BC Cancer – Victoria’s Deeley Research Centre (DRC) opened its doors 20 years ago and since then has been driving innovation in immunotherapy and shaping the next-generation of researchers. Trev Deeley generously left $5 million to the BC Cancer Foundation in his will, which made the creation of the DRC possible and also established a permanent endowment to support its research.
The centre is now a world-renowned pioneer in immunotherapy research, which is one of the largest priority areas in cancer research. Trials are showing these treatments can have curative results, with minimal long-term side effects.
Today, over 50 researchers, staff and students call the DRC home – including high school interns, undergraduate and graduate students, postdoctoral fellows, research interns, research assistants and associates, staff scientists and the centre’s three highly-regarded Principal Investigators (Drs. Brad Nelson, Julian Lum and Peter Watson) – all working to deepen the global understanding of cancer and translating research findings from lab bench to patient.
Led by Dr. Watson, BC Cancer’s Tumour Tissue Repository is located within the DRC and stores hundreds of thousands of tumour samples from across the province. The team is globally renowned for their innovation in high-quality biobanking and this work enables many of BC Cancer’s pioneering research projects.
One example of research using these samples is the DRC’s Lum Lab. Led by Dr. Julian Lum, the team is working to increase understanding of how metabolism impacts T cell immune response, with a focus on ovarian and prostate cancer. CAR T immunotherapy works remarkably well against blood cancers, but researchers globally are yet to find a way to make the treatment work against solid tumours. This research has the potential to change outcomes for the thousands of patients diagnosed each year.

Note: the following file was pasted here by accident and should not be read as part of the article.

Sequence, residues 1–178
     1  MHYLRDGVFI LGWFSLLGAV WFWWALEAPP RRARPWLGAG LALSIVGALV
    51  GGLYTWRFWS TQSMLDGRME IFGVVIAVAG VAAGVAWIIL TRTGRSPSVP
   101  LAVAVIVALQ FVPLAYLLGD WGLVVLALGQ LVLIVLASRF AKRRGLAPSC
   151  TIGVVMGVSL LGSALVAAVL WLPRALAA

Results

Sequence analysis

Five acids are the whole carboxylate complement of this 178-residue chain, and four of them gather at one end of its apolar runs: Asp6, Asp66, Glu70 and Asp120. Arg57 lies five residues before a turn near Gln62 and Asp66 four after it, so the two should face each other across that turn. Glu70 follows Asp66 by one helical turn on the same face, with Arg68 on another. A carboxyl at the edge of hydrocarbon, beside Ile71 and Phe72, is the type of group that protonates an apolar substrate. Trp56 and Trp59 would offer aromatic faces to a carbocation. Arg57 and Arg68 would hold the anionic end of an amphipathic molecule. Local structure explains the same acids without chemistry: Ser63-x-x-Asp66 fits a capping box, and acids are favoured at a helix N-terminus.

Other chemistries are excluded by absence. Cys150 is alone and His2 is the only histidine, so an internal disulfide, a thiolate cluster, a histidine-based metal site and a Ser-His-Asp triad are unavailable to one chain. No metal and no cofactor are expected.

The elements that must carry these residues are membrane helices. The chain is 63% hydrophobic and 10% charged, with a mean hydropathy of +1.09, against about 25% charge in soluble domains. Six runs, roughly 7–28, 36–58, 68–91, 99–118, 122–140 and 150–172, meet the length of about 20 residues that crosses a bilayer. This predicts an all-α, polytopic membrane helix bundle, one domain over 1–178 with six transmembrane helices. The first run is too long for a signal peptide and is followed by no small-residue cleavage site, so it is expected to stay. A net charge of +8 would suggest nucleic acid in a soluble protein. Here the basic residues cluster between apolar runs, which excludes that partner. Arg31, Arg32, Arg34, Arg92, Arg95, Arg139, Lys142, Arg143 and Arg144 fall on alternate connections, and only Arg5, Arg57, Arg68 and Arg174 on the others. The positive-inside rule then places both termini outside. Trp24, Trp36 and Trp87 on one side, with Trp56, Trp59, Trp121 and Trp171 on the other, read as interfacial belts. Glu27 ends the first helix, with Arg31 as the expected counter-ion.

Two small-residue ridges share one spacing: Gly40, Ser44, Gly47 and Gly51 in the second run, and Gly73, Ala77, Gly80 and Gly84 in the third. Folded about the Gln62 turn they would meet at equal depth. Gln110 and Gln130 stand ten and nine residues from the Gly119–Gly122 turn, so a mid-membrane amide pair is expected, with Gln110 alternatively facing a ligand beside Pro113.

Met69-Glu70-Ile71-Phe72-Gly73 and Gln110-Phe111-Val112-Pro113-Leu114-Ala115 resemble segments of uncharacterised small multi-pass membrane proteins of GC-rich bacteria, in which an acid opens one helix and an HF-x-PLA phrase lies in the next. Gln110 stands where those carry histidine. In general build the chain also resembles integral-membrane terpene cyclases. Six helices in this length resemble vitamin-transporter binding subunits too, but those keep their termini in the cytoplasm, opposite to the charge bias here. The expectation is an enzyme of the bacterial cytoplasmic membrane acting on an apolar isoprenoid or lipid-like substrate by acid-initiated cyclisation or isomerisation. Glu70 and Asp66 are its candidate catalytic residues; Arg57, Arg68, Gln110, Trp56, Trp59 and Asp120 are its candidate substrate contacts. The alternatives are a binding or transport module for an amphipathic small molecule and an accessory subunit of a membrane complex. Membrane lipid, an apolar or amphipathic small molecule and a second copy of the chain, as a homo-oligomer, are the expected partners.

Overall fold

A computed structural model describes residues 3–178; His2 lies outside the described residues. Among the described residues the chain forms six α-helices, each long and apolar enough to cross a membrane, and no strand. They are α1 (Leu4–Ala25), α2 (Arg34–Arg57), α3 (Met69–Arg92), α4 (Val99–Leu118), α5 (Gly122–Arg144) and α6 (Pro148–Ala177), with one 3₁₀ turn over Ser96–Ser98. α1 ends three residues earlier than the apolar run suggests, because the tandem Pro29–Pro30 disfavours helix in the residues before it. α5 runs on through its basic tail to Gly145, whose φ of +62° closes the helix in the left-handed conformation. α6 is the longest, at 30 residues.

Dr. Nelson’s team in the Conconi Family Immunotherapy Lab is also driving innovation through their work in CAR T-cell immunotherapy. Established through donor support in 2016, the lab was the first in Canada to produce CAR T-cells to treat patients. Bringing the production of these cells in-house made the treatment more cost-effective and available to a wider range of patients, enabling his team to conduct leading-edge clinical trials here in B.C.
These clinical trials are now bringing hope to blood cancer patients who have exhausted all other channels of treatment. Victoria’s own Noel Schacter participated in the trial after being diagnosed with an aggressive form of lymphoma.
Noel was originally diagnosed with a slow-moving variant of non-Hodgkin’s lymphoma and standard treatment kept it at bay for a decade, allowing him to carry on with life as normal. Then, it came back as a more aggressive form of the disease, requiring an equally aggressive treatment.
These new treatments were difficult and no longer effective. “At that point in time, I actually thought my life was over, to be quite honest,” says Noel.
Fortunately, Noel qualified for BC Cancer and Ottawa Hospital’s joint CAR T clinical trial, which had recently opened – a first in Canada. That was three years ago. Today, Noel is doing well and his scans are showing him as cancer free.
“Every day I have to pinch myself and say ‘You’re still here and you really shouldn’t be. This cancer would’ve killed you.’ And there’s no doubt about that,” shares Noel.
To learn more about supporting the Deeley Research Centre, contact William Litchfield: 250.667.8690 or email@example.com